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We are what we eat

Photo by Khamkhor on Unsplash

The plant-based food revolution sweeping much of the world is good news for people and planet, a growing body of research shows.

In a new study published this week in the Journal of the American College of Cardiology, which monitored participants body changes over a 10 year period, those who developed coronary heart disease (CHD) had higher levels of microbes called trimethylamine N-oxide (TMAO) in the body. TMAO levels are increased when the gut digests animal products like red meat and are reduced in people who eat a vegetarian or vegan diet.

“The findings of the study provide further evidence for the role of TMAO as a predictive biomarker for heart disease and strengthens the case for TMAO as a potential intervention target in heart disease prevention,” said Paul A. Heidenreich, MD, MS, professor of medicine at the Stanford University School of Medicine, in an accompanying editorial comment. “The results should encourage us to continue to advocate for a more widespread adoption of healthy eating patterns.”

It follows a study published late last year in the Journal of the American Heart Association, based on the data of 10,000 middle-aged Americans between 1987 and 2016, which revealed those who ate the most plant-based foods in their diets were at a 32% lower risk of dying from a cardiovascular disease and were a 16% lower risk of suffering heart attacks, stroke and heart failure.

Another 2019 study, led by researchers at Tulane University, looking at the eating habits of 16,000 Americans, found those making more plant-based choices – and eating less red meat – also had a lower carbon footprint.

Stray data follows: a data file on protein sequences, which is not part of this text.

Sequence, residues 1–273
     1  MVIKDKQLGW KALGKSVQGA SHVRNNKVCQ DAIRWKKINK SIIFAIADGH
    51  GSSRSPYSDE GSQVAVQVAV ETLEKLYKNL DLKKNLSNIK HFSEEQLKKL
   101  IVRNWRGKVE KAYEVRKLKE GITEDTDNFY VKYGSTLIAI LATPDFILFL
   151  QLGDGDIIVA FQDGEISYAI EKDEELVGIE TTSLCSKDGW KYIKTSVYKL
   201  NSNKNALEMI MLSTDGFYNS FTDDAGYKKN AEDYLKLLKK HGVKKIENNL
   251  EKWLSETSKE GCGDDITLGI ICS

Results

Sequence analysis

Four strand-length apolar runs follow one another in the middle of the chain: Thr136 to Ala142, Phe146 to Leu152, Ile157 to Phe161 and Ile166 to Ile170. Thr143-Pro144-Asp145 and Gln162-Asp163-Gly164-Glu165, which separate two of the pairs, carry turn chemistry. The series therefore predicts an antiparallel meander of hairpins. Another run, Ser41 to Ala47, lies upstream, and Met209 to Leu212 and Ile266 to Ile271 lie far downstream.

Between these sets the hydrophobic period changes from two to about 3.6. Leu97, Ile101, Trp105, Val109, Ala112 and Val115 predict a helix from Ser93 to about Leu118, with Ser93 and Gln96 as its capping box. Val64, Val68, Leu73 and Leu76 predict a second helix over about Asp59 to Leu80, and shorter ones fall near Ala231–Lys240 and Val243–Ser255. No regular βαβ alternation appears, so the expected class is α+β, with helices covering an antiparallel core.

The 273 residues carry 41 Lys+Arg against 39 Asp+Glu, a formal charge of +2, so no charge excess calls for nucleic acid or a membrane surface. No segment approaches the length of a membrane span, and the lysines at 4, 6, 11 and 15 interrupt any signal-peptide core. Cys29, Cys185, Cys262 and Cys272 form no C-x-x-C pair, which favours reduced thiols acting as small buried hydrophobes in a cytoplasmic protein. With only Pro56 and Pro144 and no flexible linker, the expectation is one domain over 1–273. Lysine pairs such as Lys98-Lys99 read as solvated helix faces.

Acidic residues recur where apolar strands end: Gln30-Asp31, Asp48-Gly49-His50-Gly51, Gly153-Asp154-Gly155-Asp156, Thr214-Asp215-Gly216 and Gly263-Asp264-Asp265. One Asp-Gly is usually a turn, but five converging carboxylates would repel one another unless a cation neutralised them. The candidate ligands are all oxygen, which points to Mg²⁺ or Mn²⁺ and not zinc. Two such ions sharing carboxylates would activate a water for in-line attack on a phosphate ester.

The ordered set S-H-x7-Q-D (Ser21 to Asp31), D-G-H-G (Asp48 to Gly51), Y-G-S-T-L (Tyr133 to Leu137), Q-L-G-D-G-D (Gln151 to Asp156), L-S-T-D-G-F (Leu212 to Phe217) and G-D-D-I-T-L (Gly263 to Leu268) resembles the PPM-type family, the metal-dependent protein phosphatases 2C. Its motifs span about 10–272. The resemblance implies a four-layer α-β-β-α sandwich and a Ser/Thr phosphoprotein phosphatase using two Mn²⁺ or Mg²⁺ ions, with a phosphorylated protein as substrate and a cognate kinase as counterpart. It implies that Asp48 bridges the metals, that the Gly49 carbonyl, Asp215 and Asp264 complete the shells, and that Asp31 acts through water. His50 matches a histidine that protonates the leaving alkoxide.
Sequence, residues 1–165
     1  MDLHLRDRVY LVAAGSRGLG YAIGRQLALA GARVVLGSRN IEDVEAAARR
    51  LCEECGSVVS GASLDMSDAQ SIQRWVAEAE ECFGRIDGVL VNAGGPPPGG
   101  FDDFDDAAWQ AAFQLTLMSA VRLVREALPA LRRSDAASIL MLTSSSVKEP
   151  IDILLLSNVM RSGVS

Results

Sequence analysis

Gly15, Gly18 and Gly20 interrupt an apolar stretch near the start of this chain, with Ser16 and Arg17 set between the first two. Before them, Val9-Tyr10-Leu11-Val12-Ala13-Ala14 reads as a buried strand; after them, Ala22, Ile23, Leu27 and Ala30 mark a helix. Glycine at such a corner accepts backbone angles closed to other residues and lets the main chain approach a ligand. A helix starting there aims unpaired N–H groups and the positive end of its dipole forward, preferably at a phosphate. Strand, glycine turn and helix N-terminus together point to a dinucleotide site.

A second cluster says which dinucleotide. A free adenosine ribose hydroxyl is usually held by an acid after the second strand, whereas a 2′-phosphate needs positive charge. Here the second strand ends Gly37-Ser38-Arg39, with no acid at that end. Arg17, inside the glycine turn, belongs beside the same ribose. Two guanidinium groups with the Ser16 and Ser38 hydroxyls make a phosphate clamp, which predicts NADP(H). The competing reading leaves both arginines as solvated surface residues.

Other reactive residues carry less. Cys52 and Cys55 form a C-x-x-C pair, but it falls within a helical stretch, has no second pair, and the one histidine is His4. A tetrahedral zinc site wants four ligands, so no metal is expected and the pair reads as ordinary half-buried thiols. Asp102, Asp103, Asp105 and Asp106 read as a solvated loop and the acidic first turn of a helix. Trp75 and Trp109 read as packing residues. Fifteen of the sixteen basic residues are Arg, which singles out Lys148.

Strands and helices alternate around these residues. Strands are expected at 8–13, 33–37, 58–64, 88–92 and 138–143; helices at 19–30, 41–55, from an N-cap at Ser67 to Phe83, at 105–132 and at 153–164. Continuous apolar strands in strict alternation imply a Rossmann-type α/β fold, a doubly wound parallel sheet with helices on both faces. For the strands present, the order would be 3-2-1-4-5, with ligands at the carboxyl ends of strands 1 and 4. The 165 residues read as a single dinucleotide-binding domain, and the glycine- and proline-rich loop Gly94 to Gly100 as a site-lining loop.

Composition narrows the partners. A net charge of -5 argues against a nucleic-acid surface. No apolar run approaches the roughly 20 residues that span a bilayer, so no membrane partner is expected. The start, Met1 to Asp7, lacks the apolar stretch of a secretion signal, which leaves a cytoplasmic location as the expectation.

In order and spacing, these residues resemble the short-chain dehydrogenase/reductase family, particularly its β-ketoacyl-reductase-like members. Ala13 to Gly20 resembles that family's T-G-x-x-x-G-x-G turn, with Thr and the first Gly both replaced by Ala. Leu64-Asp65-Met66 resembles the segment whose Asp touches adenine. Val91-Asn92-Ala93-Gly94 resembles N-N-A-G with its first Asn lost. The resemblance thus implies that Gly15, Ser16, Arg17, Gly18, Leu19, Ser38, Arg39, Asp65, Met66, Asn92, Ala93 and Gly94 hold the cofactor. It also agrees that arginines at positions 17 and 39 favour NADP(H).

“People whose diets had a lower carbon footprint were eating less red meat and dairy — which contribute to a larger share of greenhouse gas emissions and are high in saturated fat — and consuming more healthful foods like poultry, whole grains and plant-based proteins,” explained lead author Diego Rose, a professor of nutrition and food security at Tulane University’s School of Public Health and Tropical Medicine.”

The Tulane paper came hot on the heels of a widely publicised 2018 study by Oxford University researchers which said going vegan is the biggest action individuals can take to minimise their impact on the planet. It argued being vegan will have more impact ‘than cutting down on your flights or buying an electric car’, cutting emissions caused by individuals by 73%.

Plant-based meat is vastly more efficient, avoiding the downsides of food waste and environmental degradation

Growing public awareness of the impact their food choices make is pushing demand for more plant-based products, one innovative companies are responding to. Writing for Innovators Magazine this month, Bruce Friedrich, co-founder of the Good Food Institute, points out that damaging levels of animal agriculture are still rising worldwide because ‘people want to eat meat’ but says ‘luckily, today there are companies making meat directly from plants’. Read Bruce’s article to learn more about the climate-friendly food options being pioneered by plant-based and cultivated meat innovators.

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Susan Robertson
Written By

Susan is the co-founder of Innovators Magazine and a consultant for OnePoint5 Media. Susan is also a member of the UNFCCC-led Resilience Frontiers Nexus group and a board member of the APOPO Foundation UK.

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